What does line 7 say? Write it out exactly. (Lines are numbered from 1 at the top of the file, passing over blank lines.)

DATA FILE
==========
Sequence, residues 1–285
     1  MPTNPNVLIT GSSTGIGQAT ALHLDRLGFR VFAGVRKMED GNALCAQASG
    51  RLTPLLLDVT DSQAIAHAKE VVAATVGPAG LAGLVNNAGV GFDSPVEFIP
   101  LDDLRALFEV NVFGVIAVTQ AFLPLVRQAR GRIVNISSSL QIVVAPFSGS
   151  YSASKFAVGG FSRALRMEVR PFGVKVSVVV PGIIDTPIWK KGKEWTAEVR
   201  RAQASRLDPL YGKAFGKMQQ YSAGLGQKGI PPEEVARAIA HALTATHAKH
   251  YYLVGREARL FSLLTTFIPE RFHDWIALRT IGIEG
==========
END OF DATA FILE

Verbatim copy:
   251  YYLVGREARL FSLLTTFIPE RFHDWIALRT IGIEG